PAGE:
In 1984, BPCA hired a multidisciplinary team led by landscape architects Susan Child and Douglas Reed of Child Associates, with artist Mary Miss, and Stan Eckstut of the Battery Park City master plan team, to conceive of a 2 ½-acre park sited on a concrete platform jutting out over the water. They developed the concept of a cove with a visibly constructed edge, completing the project in 1987.

South Cove South Cove plan, New York, NY; image courtesy Doug Reed.

South Cove is considered one of Susan Child’s most significant works. Born in 1928, Child came to the profession of landscape architecture later in life. She graduated from Vassar College in 1950 with coursework in art history and French, and then moved to Boston, where she raised her family while participating in various art- and gardening-related societies and organizations. She frequently traveled to her father-in-law’s farm along the estuary of the Westport River in southeastern Massachusetts, a landscape that she cited as influencing her interest in and sensitivity to the built environment.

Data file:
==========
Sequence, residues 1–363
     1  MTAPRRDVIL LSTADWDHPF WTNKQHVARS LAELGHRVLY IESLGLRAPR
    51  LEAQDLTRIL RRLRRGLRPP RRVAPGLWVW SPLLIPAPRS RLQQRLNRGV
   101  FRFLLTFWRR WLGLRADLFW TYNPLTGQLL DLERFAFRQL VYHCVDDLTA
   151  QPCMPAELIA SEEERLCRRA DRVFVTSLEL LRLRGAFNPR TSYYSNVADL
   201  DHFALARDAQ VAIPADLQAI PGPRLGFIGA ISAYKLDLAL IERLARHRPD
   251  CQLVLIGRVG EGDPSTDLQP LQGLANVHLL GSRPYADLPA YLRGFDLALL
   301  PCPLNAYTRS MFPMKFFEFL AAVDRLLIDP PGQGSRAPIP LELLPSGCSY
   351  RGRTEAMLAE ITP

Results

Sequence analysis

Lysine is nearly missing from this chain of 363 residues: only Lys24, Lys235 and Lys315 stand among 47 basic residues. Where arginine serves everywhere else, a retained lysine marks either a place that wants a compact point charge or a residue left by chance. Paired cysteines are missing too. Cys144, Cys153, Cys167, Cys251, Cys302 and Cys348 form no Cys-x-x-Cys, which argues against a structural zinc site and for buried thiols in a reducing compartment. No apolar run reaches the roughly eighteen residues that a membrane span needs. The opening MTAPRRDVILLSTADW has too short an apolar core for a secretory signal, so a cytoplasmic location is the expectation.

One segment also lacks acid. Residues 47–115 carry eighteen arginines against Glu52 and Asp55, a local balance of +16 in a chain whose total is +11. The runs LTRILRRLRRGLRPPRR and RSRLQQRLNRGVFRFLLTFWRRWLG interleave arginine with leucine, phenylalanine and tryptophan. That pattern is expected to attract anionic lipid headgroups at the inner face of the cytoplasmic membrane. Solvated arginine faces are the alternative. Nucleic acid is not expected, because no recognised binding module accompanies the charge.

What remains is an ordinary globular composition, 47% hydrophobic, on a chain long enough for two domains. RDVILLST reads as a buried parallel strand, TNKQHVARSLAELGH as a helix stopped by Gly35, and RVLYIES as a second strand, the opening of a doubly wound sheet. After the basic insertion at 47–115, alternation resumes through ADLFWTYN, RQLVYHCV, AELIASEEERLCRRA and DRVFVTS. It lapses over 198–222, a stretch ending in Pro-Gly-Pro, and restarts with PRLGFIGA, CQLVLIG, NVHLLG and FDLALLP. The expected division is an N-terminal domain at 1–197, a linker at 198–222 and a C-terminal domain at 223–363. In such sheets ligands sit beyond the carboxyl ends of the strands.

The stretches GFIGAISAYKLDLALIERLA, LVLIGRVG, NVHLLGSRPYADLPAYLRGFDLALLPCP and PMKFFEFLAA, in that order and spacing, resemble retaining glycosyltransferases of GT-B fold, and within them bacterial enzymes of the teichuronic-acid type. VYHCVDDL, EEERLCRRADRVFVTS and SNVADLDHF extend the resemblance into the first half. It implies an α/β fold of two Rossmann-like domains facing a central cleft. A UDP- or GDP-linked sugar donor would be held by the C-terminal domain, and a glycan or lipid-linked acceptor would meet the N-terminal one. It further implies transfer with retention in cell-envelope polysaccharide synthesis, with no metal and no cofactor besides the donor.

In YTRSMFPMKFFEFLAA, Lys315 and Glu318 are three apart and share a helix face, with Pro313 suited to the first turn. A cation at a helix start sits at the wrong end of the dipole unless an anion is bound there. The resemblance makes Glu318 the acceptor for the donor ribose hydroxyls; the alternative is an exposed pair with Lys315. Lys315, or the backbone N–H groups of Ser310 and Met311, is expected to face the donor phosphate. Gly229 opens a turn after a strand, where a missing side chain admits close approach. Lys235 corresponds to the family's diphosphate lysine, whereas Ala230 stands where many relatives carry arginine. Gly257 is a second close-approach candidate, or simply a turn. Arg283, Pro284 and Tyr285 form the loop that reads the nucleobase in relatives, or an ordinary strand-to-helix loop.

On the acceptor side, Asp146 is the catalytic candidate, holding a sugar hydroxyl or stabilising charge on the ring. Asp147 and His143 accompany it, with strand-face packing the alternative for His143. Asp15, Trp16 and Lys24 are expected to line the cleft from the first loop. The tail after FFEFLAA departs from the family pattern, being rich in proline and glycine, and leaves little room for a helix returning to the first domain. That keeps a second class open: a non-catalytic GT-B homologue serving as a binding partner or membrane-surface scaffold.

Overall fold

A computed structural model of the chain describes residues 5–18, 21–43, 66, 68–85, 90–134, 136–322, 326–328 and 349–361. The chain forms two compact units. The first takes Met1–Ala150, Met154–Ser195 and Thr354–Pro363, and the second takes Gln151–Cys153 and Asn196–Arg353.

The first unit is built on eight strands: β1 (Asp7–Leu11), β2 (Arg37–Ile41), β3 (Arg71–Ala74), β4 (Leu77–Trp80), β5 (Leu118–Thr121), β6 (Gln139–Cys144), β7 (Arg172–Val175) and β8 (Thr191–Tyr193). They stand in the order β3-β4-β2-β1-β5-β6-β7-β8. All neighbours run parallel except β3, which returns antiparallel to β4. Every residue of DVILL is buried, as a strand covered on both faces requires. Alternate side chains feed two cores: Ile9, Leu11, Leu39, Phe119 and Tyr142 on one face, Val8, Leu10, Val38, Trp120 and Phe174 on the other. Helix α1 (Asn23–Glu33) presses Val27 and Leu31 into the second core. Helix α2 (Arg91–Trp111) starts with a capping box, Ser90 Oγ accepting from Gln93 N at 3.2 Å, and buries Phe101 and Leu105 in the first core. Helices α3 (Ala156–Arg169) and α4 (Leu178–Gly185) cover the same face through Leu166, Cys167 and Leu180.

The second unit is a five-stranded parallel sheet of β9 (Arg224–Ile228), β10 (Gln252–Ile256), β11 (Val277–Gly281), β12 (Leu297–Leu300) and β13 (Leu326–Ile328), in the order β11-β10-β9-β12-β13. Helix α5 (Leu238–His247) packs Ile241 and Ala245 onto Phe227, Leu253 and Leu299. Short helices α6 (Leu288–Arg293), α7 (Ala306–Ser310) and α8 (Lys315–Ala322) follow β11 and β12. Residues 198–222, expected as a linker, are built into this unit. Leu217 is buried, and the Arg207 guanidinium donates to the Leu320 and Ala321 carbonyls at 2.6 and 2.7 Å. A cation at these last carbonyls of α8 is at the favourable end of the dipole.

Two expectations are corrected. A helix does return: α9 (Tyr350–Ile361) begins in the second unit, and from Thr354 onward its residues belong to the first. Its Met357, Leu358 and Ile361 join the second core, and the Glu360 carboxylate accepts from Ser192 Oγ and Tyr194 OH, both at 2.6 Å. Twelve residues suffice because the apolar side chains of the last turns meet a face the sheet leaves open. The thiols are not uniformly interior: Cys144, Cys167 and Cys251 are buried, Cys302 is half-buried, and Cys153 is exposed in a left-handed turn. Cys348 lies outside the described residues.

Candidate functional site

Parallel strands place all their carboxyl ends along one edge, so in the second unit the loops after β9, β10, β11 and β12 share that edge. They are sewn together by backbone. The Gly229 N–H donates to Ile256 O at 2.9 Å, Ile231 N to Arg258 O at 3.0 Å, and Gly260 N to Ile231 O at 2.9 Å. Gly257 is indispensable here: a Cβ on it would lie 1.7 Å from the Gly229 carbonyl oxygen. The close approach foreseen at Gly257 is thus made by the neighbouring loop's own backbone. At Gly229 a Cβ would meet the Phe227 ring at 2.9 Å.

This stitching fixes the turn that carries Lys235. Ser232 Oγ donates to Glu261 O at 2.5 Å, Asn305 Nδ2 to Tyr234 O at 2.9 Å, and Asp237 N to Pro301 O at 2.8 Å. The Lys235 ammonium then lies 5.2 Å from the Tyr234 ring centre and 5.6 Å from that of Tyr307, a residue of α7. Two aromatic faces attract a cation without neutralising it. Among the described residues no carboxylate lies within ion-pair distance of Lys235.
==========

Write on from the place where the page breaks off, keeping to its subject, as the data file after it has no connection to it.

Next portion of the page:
Child decided to pursue her passion for gardening and the allied arts through a graduate certificate in landscape and environmental design at the Radcliffe Institute in Boston in the early 1970s. She then worked for the City of Boston, managing “The Greening of Boston” Neighborhood Improvement Program and a number of Parks and Recreation Department projects, through which she cultivated an understanding of urban horticulture and city-based design. In 1978 she joined the Harvard Graduate School of Design (GSD) Master in Landscape Architecture program, where she met classmate Douglas Reed, who later joined her firm as an associate and then partner.